I can only cry out and implore, “Oh ring, ring, open wide and let us out!”

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Mr. Voskuijl is diagnosed with cancer and knows he does not have long to live. Anne decides to stop studying shorthand because she is becoming nearsighted and cannot get glasses. The group briefly considers sending her out to an ophthalmologist, but Mr. Frank has heard that the British have landed in Sicily, Italy, and thinks the war will soon be over. Anne’s favorite day of the week is Saturday, when Bep brings books from the library. Anne asks Mr. Dussel if she can use the table in their room to study during the afternoon, but he refuses. They argue over it, so Mr. Frank intervenes and arranges for Anne to have access to the table for two afternoons each week. There is another break-in at the office, and this time the robbers take cash and ration coupons for sugar. Anne writes about what she plans to do when they are able to leave the annex. She says she would be so overjoyed she would not know where to start, but she wants to go back to school again.

Two air-raid sirens sound in one day as bombs fall relentlessly on Amsterdam. The residents of the annex are scared, but Anne tries to be brave. On the radio they hear the good news that Benito Mussolini, Italy’s Fascist leader, has been deposed. They are forced to turn in the radio, which angers Mr. Dussel. Anne describes the complicated daily schedule of the annex, pointing out that it is very different from the routine that ordinary people would follow during ordinary times. Her account, as usual, is filled with humorous and not very complimentary descriptions of the other people in the annex.

Anne receives new shoes, and Mr. Dussel almost causes trouble by asking Miep to bring him a banned book. Italy surrenders unconditionally, but Anne’s happiness is tempered by the news that Mr. Kleiman will have to undergo a serious stomach operation. She also worries that Mr. van Maaren, a man who works in the warehouse and is not trustworthy, will find out about the hiding place. Anne writes that she has been taking medication every day for depression. Bep is exasperated with the number of errands they ask her to run, and everyone’s temper is constantly flaring up. Anne compares herself to a bird with broken wings, longing for fresh air and sunshine.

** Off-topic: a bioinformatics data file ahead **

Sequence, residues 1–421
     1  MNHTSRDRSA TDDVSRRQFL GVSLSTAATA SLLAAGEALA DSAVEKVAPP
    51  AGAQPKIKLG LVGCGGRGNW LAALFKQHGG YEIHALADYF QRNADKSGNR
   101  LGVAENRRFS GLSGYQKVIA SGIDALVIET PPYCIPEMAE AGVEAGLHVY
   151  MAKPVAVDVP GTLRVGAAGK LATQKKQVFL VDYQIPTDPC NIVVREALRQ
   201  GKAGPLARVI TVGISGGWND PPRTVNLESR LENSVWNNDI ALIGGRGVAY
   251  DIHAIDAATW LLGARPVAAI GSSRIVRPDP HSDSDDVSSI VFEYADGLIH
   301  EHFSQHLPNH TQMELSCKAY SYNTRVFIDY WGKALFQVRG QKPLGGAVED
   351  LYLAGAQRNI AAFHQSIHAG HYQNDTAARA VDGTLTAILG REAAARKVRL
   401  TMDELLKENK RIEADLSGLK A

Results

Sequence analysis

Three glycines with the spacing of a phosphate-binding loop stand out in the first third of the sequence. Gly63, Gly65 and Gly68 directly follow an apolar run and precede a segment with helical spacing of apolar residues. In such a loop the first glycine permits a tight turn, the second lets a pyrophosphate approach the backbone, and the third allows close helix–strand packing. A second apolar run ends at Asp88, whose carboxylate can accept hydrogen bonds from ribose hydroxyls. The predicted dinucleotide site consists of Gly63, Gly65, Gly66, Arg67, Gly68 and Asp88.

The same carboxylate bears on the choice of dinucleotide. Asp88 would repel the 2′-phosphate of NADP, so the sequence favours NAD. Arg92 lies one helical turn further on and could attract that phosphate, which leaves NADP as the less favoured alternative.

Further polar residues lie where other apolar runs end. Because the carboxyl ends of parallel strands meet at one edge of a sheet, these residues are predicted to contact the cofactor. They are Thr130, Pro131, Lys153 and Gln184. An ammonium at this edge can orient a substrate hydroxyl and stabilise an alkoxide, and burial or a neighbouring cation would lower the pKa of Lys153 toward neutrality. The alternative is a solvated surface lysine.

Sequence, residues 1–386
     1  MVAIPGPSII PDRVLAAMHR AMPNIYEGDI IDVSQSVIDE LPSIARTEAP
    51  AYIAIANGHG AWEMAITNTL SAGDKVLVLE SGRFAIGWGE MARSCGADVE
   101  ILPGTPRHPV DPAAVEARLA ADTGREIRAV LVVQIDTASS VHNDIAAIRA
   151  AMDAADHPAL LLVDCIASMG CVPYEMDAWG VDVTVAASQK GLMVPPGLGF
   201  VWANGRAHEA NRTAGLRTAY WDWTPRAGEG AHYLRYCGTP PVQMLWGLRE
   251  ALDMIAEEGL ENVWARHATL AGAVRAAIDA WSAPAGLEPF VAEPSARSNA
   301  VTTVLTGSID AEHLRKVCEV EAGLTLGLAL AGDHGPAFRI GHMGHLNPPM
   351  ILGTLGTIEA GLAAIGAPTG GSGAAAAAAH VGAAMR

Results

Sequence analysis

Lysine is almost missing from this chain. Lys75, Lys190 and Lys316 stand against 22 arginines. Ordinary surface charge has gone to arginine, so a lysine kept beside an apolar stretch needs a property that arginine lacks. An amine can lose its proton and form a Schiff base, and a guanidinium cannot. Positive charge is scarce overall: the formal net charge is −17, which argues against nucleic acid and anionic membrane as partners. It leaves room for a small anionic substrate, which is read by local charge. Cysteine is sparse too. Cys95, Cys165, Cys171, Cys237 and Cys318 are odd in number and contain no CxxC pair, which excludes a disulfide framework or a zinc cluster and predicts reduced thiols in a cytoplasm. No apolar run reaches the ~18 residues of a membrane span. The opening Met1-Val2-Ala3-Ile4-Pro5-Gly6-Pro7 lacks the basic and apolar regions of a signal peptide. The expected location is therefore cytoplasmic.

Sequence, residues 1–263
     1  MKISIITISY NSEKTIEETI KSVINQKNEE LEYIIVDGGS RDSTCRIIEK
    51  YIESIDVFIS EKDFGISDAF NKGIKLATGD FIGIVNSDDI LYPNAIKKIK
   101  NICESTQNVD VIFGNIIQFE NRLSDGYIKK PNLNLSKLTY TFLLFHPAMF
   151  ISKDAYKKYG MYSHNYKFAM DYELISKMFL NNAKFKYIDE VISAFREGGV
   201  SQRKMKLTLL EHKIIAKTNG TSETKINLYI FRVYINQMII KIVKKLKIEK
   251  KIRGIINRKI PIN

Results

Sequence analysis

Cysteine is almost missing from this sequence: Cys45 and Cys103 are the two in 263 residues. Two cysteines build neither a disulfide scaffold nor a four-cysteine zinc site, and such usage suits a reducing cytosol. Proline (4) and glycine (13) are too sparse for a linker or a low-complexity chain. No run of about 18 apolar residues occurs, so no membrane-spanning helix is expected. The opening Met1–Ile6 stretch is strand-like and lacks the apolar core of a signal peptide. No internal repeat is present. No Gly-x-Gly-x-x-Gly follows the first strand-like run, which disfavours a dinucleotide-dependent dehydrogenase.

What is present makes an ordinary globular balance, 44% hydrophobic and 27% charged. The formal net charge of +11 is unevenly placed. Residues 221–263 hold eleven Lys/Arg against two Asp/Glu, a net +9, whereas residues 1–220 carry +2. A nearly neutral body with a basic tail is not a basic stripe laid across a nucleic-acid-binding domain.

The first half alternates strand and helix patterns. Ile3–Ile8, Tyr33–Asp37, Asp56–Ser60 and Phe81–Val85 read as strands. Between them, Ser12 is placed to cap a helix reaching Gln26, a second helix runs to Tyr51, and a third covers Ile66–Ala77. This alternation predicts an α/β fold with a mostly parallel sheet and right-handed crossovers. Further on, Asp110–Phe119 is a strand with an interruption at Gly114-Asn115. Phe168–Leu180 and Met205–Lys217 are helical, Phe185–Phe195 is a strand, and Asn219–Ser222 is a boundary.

Margot decides to take a correspondence course in Latin to ease her boredom, but Anne says it is too difficult. Mr. Frank asks Mr. Kleiman for a children’s Bible so that Anne can learn about the New Testament. Miep tells Anne that she envies the peace and quiet of the annex. But Anne, who is constantly afraid of being discovered, compares the eight residents to a patch of blue sky surrounded by dark clouds. The clouds are coming in, and they can see both the destruction below them and the peace above them.

Anne writes a memorial to her fountain pen, which she has owned for many years but which was accidentally melted in the stove. She says that her only consolation is that the pen was cremated, as she hopes to be when she dies.


By the middle of 1943, Anne’s mood becomes darker as her frustration and anger increase. She has plenty of time to contemplate the war, and in each diary entry her anxiety grows. Her tone is less cheerful and humorous, despite occasional injections of satire or sarcasm, particularly when she is annoyed with another resident of the annex. While Anne tries to act like a brave adult, she still jumps into her father’s bed during air raids and takes medication for her depression. Anne is still just a young girl and can no longer pretend to be strong.